from Wiktionary, Creative Commons Attribution/Share-Alike License

  • n. Plural form of experiencer.


Sorry, no etymologies found.


  • In other words, the encounters recounted by "experiencers" are real, but colored by sexual imagery in order for us to make sense of something otherwise incomprehensible.

    Archive 2006-04-01

  • The authors divided 120 non-black participants into the roles of "experiencers" and "forecasters."

    BV on Sports

  • The "experiencers" were placed in a room with a white person and a black person, who played out pre-arranged scenarios for the experiment.

    BV on Sports

  • The other abductee I met and interviewed at length was Jim Sparks, who has the distinction of being one of the best informed "experiencers" anywhere, as Mack liked to call them.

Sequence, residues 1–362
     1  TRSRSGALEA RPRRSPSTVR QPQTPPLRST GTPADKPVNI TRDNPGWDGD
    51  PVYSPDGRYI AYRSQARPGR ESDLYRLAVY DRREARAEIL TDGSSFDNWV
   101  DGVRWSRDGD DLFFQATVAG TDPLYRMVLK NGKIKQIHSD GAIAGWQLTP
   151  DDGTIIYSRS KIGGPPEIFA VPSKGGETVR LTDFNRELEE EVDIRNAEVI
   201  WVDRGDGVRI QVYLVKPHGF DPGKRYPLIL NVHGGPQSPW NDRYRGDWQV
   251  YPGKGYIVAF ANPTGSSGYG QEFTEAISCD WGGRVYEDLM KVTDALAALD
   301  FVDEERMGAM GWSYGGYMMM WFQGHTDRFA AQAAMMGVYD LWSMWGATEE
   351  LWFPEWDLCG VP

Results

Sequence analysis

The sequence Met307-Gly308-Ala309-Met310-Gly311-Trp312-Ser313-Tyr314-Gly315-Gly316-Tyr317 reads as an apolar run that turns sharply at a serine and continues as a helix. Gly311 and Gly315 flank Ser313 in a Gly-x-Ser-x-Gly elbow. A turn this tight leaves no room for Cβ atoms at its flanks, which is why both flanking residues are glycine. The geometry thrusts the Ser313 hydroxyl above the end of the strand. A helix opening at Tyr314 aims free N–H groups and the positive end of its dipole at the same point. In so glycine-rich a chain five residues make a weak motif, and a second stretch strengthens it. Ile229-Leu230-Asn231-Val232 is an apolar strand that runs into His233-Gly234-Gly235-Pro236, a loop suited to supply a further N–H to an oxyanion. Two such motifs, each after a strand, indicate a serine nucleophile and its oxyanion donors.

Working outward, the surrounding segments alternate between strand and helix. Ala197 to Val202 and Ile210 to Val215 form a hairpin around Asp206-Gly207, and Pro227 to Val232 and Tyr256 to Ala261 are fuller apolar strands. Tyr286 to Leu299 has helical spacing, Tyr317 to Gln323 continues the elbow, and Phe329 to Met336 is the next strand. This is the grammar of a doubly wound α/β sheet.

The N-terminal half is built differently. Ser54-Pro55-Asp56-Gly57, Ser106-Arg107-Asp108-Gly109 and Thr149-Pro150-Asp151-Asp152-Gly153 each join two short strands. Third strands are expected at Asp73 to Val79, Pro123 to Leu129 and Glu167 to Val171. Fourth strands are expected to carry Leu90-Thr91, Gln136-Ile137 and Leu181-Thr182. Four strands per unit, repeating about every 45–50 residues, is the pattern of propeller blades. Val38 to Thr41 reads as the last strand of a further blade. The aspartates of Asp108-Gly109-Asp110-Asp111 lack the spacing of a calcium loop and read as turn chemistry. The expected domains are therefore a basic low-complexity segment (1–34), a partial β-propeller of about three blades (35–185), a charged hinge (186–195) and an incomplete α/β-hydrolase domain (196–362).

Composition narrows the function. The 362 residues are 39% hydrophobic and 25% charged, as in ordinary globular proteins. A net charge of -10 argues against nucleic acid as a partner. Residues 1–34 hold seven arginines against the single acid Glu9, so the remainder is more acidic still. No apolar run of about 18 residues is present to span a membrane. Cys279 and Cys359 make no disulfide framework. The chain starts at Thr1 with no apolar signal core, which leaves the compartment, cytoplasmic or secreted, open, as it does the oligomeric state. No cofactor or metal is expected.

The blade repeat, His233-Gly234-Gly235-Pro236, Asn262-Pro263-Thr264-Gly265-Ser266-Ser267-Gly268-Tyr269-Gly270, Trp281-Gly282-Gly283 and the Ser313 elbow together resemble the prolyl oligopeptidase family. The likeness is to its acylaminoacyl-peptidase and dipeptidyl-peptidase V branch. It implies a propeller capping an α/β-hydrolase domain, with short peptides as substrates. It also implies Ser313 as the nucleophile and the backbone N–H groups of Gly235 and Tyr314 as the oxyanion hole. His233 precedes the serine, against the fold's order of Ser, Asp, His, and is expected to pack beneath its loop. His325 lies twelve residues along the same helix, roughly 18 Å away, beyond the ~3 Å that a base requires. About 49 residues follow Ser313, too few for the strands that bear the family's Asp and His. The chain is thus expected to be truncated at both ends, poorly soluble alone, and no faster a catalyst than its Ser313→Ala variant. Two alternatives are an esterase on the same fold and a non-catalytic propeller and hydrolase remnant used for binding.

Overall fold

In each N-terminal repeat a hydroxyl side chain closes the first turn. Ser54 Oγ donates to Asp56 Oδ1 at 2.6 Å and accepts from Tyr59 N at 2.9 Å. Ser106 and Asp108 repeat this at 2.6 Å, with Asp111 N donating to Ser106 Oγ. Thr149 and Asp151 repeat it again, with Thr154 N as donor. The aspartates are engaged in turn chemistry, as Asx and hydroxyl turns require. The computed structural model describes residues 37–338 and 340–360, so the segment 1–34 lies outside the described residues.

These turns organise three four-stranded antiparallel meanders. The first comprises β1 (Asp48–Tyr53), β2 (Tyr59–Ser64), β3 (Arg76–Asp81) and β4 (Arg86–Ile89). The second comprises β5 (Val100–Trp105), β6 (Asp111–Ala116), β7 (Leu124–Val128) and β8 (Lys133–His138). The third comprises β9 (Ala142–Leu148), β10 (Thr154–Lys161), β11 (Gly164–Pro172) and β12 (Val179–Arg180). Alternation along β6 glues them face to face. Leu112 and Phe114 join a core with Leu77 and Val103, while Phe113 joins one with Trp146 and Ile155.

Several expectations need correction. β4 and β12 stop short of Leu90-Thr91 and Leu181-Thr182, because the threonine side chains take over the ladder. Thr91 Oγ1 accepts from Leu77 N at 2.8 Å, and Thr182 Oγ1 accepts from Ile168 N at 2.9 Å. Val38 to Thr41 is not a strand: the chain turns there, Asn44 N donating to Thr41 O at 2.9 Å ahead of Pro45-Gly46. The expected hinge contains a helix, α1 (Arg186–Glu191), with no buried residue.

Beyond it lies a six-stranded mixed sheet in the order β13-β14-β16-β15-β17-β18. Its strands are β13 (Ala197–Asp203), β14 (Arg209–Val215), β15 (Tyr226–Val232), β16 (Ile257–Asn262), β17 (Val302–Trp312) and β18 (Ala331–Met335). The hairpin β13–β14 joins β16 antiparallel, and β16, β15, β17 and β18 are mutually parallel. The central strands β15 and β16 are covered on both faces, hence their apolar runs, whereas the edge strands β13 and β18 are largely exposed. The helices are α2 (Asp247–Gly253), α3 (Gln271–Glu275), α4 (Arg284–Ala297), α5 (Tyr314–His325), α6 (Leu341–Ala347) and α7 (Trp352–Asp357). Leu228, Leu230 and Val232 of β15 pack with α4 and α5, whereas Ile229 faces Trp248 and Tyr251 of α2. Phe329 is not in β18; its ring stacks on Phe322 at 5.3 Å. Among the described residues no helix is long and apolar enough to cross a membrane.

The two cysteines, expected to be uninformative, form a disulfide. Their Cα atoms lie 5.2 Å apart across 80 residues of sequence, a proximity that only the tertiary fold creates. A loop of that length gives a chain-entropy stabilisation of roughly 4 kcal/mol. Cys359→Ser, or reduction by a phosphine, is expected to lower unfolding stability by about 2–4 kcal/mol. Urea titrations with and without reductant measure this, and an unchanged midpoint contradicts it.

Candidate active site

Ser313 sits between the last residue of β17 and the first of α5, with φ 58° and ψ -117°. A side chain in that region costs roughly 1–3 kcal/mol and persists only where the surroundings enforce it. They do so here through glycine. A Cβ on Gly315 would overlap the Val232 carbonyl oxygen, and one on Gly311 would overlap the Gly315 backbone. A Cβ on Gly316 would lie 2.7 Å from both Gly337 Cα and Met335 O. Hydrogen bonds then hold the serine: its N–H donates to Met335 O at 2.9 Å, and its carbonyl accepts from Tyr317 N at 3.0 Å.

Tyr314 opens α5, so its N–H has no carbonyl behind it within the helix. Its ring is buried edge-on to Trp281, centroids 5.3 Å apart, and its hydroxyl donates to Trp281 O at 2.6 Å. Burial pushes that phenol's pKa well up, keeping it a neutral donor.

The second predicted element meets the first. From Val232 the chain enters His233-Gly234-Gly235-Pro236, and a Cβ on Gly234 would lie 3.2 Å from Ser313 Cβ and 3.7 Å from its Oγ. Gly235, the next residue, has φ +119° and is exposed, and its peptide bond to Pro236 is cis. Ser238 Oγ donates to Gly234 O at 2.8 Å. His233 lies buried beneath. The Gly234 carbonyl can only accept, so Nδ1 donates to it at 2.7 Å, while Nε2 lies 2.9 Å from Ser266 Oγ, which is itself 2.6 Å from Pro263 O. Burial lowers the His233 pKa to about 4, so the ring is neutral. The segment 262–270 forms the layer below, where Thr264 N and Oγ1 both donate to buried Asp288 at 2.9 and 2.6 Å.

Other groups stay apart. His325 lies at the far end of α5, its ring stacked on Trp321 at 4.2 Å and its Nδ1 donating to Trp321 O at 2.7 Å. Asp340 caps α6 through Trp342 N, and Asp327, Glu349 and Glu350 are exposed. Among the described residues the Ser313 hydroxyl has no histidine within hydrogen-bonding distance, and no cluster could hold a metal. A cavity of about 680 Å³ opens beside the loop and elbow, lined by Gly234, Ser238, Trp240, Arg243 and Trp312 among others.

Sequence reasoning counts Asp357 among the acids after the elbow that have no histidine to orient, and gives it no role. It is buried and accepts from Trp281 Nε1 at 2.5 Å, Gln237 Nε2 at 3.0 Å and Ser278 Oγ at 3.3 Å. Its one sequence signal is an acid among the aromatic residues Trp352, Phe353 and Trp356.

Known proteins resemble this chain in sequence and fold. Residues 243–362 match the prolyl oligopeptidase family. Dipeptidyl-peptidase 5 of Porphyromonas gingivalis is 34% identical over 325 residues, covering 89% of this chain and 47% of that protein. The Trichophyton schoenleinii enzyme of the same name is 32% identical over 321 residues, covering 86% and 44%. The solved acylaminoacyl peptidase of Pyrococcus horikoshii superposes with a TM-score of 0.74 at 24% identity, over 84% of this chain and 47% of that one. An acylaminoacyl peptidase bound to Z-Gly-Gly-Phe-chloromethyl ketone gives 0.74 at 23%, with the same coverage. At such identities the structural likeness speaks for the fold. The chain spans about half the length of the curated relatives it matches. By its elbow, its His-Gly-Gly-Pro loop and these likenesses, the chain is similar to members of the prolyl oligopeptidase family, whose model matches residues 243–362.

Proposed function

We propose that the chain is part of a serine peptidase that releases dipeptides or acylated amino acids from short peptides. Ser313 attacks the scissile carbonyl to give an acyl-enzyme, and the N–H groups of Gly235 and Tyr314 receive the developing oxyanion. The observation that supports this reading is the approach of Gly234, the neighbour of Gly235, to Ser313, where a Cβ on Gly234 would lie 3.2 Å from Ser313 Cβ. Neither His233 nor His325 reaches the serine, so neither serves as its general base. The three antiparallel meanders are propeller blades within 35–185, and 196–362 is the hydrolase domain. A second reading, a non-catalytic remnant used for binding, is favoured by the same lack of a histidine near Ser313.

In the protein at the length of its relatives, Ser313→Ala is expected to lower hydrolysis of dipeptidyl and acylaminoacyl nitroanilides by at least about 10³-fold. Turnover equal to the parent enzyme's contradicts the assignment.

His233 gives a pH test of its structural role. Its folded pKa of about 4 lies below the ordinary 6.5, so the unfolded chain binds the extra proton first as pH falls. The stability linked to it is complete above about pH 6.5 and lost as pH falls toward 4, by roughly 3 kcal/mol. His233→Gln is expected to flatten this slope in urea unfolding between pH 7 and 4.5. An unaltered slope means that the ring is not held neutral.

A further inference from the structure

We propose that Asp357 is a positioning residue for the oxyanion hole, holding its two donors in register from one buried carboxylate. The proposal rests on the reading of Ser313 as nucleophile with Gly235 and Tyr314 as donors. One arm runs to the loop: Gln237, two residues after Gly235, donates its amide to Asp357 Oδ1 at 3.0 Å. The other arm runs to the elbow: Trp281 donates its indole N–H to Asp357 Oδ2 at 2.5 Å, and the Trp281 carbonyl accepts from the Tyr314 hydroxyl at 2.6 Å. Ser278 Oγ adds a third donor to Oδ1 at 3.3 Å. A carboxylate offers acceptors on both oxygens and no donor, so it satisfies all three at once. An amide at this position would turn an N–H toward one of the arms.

EXOPOLITICS: Politics, Government, and Law in the Universe

  • Unsurprisingly, “experiencers” are apt to believe in the paranormal.

    Quick Study

  • Research has shown that “experiencers”—people who spend money on a great meal out or a concert, for example—are happier than those who spend their money on material goods such as clothes or jewelry.

    Lighten Up

  • Paradoxically, awakening to the perennial truth leads experiencers to see absolute truth and conventional truth as one, not two.

    William Horden: The Short Path Of Sudden Enlightenment

  • People want to be early experiencers — opening night tickets, etc.

    Archive 2009-03-01

  • The theory I'm discussing wanted to distinguish between emotion verbs which have experiencers as subjects (fear, like) and those who have experiencers as objects (frighten, confuse).

    Confusing verbs

  • It certainly fits in with the reports of mystics from every culture and belief system, as well as the reports from near-death experiencers.

    Again, there is absolutely no teleology involved


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